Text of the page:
It's an interesting time in beauty, if you ask me. Glitter is back with a vengeance — that is, if you considered glitter ever gone in the first place. I wasn't a glitter girl myself until this year. I like to keep things understated when it comes to my jewelry, and while I love makeup, I tend to focus on shimmer over straight-up glitter. But the old understated Kirbie can't come to the phone right now. Why? Because she's bathing in glitter.
It's not just me. Instagram is rampant with slow-motion swatches of the stuff; apps like KiraKira are feeding into the frenzy by taking regular photos and videos to the next level. Knowing this, brands are eager to make products that create the ultimate in sparkly beauty product porn. Enter the recent launch of glitter masks.
The leader of this particular movement is GlamGlow, the Los Angeles-based skincare phenom that is known for its signature Gravity Mud treatments. The brand's clay masks are the only ones I can wear without having to fear a potential breakout the next day, and my skin truly is brighter and clearer after removal. But in the name of being honest, I have to ask: is this mask just a gimmick? Are there any benefits at all? Or it it just a ploy to get Instagram likes?
Ahead of the launch, I tested out the #GlitterMask ($69), and the results were not what I was expecting. Here are a few questions I've been getting about the product and my personal experience using it.
Doesn't the glitter hurt?
In short? No. This was the first thing I considered, given there are large stars in the mask. Would it cut my skin? Would I feel it at all? Because of the mixture, the product smooths onto the skin nicely, and I didn't feel any specks of glitter during my application or drying process.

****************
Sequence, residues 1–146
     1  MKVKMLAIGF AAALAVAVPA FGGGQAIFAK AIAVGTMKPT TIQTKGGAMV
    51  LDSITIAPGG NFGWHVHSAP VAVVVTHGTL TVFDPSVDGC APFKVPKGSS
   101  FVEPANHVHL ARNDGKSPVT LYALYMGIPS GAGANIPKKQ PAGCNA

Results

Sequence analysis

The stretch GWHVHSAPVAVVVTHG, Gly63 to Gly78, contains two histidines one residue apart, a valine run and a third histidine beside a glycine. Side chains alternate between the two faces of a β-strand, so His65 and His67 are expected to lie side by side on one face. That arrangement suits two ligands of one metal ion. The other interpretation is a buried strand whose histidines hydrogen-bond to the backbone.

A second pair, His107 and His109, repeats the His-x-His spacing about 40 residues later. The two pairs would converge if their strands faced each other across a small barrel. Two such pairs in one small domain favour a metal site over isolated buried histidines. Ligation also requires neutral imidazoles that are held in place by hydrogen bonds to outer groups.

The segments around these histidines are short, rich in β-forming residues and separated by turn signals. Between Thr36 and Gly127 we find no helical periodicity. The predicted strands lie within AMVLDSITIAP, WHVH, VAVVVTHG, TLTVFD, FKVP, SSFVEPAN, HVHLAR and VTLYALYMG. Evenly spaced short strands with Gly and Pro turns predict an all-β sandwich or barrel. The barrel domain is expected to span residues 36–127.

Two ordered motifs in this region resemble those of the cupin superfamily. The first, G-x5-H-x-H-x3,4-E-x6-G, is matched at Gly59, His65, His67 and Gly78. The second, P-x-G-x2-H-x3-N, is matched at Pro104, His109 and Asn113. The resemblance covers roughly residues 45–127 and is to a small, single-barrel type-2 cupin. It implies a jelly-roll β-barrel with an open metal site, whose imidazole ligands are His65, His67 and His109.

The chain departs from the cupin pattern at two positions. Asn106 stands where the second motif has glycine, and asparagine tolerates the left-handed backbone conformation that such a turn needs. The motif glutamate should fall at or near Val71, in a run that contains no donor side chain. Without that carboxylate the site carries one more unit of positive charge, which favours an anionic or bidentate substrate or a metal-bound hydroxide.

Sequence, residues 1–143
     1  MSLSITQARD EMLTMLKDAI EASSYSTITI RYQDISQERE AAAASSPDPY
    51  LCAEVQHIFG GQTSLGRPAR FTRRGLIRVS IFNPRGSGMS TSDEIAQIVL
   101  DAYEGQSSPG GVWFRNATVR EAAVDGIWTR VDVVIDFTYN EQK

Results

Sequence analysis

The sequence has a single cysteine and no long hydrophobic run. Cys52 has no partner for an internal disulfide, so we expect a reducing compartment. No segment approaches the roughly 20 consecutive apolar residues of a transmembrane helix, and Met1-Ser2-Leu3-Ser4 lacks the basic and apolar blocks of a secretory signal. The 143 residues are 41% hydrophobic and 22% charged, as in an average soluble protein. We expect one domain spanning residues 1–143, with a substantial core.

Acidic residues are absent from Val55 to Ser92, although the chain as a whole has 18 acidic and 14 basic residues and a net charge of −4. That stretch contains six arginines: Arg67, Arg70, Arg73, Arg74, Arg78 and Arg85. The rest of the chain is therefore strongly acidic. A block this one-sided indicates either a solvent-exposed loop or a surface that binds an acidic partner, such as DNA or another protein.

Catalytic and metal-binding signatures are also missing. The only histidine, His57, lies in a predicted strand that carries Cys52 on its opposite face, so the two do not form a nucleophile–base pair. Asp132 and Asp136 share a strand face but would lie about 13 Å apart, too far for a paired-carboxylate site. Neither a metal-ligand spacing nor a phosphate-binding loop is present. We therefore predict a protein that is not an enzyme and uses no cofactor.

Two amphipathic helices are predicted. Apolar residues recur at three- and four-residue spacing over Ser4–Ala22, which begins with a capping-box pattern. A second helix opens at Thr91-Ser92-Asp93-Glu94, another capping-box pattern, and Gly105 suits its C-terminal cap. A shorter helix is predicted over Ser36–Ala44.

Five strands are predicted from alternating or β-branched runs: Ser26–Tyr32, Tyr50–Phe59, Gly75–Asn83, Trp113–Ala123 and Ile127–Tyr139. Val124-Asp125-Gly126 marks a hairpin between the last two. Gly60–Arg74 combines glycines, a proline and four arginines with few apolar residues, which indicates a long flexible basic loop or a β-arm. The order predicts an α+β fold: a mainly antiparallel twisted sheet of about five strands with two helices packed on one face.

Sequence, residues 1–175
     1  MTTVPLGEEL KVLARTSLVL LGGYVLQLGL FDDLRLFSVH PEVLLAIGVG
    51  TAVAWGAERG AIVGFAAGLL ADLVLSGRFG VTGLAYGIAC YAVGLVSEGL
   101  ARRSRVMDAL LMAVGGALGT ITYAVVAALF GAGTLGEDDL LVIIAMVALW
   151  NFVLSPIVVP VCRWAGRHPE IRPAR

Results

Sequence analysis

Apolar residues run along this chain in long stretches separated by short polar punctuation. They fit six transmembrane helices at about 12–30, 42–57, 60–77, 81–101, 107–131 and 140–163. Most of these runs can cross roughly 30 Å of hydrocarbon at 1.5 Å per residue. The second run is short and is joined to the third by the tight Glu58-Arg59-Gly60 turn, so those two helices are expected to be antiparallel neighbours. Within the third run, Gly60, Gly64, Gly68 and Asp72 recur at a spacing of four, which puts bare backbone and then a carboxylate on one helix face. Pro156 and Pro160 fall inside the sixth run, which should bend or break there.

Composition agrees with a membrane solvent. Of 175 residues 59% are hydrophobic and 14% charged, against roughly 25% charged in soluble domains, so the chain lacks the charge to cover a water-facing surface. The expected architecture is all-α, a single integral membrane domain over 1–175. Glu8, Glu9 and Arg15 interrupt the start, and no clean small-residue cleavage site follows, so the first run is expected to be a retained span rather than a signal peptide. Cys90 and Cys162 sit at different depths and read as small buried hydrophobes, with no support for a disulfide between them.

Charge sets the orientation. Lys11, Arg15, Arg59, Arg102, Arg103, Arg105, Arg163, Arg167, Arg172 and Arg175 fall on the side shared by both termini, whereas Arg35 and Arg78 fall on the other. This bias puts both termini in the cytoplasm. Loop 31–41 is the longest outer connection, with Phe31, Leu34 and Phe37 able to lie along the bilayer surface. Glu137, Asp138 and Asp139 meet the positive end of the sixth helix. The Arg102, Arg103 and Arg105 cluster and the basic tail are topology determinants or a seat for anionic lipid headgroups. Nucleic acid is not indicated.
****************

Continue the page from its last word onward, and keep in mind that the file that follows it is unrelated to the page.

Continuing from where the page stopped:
What does the glitter do?
Absolutely nothing. The glitter itself is not infused with hyaluronic acid or any other ingredient and doesn't pull anything out of your pores. It's just a glitter, and it's there for aesthetics and amusement.
How does it work?
There are ingredients like licorice and marshmallow leaf, which GlamGlow refers to as Teaoxi Complex for use in firming your skin. There's also marine algae plasma and red algae extract to help tighten, plus hyaluronic acid and glacial clay. All of these ingredients work together to create a youthful, more lifted look.
This is a peel-off mask. So you slather the product all over your face, let it dry, then peel it off. I happened to get mine off with just one peel, and unlike many peel-off masks, this did not hurt or irritate my skin. Too many times, we have heard that these types of masks remove impurities from pores, and thus have enough power to rip your facial hair out by the follicle. In my case, this would have resulted in a massive breakout. But that's not what this mask is for.
What is the point of the mask then?
It's meant to lift the skin and make it glow. I'm always suspect of masks that claim to lift or firm the skin because, in my experience, they rarely deliver. But after I removed this mask, my cheekbones were noticeably lifted, and my skin looked firmer as well, especially around my eye area. My skin also felt superplump and hydrated afterward, too.
What makes this different from other peel-off masks?
Besides the insane glitter party going on, I'd say that the drying time takes longer than most peel-off masks. Usually I can get away with leaving one on for 10 minutes before peeling it off, but in this case, it took half an hour at least before I felt comfortable enough to remove it.
Is glitter safe for the environment?
Here's the truth of the matter: I absolutely love this mask. It's fun to wear and my skin felt and looked fantastic afterward. I applied and removed it live on Facebook, and I even got comments that my skin looked like I had foundation on afterward! But glitter is not great for the environment. The brand says, however, that the mask is made with cosmetic-grade glitter and that it's meant to be peeled off and discarded in the trash, not washed off, which is their response to how it will affect our oceans.
So is the #Glittermask worth the hype? I think it's a product worth giving or receiving: it's fun to use and look at, and it wields great skincare results, too. At $69, it's a bit expensive for a stocking stuffer, but the beauty connoisseur in your life would be thrilled to receive it.